"Unless we change our ways of producing food, insects as a whole will go down the path of extinction in a few decades," says a study published in the journal Biological Conservation. "The repercussions this will have for the planet's ecosystems are catastrophic to say the least."
-Over 40% of insect species are threatened with extinction.
-Lepidoptera, Hymenoptera and dung beetles (Coleoptera) are the taxa most affected.
-Four aquatic taxa are imperiled and have already lost a large proportion of species.
-Habitat loss by conversion to intensive agriculture is the main driver of the declines.
-Agro-chemical pollutants, invasive species and climate change are additional causes.
From The Guardian
"If insect species losses cannot be halted, this will have catastrophic consequences for both the planet's ecosystems and for the survival of mankind," said Francisco Sánchez-Bayo, at the University of Sydney, Australia, who wrote the review with Kris Wyckhuys at the China Academy of Agricultural Sciences in Beijing.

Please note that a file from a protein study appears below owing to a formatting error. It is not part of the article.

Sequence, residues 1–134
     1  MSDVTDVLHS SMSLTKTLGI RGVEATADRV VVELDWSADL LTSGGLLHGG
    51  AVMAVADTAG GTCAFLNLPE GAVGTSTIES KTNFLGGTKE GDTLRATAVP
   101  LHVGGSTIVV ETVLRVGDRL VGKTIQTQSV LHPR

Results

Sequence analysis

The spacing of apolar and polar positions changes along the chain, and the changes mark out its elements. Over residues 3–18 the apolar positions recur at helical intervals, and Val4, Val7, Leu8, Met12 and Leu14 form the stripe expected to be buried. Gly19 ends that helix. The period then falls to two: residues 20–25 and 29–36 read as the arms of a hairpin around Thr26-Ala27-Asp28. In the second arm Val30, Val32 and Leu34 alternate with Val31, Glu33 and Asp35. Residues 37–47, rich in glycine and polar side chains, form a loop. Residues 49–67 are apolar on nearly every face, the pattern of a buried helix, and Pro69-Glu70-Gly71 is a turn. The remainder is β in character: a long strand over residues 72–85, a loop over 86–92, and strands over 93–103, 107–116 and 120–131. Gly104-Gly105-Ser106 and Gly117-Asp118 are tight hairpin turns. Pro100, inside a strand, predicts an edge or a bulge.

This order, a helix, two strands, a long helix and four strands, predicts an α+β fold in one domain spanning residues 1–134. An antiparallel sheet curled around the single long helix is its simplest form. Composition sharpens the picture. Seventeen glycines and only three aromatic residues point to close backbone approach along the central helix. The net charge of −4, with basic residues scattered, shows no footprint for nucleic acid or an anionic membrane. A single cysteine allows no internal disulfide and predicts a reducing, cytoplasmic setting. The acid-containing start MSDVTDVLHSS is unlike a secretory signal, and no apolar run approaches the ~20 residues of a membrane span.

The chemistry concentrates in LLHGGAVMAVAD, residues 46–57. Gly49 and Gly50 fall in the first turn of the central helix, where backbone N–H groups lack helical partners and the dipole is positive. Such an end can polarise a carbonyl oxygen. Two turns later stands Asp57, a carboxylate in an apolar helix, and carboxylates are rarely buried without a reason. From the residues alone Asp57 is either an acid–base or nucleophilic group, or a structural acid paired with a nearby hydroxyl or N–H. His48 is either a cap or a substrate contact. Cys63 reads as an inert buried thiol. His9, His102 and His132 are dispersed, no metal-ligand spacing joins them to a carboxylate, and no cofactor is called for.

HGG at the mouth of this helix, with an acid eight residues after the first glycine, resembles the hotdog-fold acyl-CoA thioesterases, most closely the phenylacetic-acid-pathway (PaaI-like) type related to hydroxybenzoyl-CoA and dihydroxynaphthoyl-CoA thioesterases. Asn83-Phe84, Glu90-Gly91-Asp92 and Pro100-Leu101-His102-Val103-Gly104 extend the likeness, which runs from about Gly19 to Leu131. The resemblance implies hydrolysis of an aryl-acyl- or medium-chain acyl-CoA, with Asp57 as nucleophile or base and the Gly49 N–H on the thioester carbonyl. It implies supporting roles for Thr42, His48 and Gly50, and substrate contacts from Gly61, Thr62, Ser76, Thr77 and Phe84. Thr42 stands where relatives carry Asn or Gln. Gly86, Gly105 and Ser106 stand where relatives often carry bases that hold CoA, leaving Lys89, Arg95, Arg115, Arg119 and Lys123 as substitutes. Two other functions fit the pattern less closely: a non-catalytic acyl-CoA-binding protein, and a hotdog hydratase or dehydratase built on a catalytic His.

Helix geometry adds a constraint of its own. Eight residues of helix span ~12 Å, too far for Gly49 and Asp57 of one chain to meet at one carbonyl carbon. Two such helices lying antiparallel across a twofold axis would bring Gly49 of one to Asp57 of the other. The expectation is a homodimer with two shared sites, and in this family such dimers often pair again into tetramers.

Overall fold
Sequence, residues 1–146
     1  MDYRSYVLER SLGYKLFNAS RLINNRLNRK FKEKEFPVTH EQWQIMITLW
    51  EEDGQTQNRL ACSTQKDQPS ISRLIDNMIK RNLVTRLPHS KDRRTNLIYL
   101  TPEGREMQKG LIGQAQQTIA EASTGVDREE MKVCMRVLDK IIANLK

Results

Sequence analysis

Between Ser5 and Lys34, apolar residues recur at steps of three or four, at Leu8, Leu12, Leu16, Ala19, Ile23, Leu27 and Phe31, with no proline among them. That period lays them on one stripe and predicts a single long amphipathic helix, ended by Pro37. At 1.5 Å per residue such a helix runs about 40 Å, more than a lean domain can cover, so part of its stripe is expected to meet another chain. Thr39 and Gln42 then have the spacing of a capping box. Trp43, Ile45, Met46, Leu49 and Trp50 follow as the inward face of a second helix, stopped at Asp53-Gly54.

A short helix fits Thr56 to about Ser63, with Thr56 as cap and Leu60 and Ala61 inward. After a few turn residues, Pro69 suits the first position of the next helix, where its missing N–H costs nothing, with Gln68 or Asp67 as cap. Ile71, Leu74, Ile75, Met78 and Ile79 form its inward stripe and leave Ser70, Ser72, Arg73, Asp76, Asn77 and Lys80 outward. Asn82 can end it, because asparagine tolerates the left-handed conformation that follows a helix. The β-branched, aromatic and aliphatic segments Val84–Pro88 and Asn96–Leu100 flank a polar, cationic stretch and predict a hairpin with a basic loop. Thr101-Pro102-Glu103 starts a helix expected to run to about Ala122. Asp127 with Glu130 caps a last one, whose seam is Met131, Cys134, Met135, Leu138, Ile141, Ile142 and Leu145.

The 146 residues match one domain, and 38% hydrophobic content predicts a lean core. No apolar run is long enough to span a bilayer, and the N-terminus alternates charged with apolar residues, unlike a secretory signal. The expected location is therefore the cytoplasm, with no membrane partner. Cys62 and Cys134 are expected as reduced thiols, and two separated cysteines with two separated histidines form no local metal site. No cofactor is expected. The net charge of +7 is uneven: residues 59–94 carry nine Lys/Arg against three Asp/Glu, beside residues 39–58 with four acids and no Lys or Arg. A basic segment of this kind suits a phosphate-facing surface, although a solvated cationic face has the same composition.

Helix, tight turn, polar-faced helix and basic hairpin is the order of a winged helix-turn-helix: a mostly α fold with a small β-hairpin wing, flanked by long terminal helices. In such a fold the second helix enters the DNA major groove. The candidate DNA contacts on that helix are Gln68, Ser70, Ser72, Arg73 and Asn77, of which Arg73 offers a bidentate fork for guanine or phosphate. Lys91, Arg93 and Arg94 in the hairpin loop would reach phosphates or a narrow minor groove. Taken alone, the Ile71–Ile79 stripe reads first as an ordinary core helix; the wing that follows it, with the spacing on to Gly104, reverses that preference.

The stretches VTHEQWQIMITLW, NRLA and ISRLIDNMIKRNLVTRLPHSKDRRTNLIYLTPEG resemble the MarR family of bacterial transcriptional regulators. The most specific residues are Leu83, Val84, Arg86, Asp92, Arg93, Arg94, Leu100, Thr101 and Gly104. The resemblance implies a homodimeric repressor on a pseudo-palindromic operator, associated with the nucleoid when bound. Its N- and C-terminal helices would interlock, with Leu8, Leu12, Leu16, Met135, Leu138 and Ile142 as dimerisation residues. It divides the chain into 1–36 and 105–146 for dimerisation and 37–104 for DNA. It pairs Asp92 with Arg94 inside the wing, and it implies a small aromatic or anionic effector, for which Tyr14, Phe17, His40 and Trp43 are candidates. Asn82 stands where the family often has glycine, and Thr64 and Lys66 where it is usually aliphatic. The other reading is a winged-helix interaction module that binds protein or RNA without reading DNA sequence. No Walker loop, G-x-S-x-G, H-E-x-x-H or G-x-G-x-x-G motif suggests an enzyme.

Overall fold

The 2.5% rate of annual loss over the last 25-30 years is "shocking", Sánchez-Bayo told the Guardian: "It is very rapid. In 10 years you will have a quarter less, in 50 years only half left and in 100 years you will have none."
One of the biggest impacts of insect loss is on the many birds, reptiles, amphibians and fish that eat insects. "If this food source is taken away, all these animals starve to death," he said. Such cascading effects have already been seen in Puerto Rico, where a recent study revealed a 98% fall in ground insects over 35 years.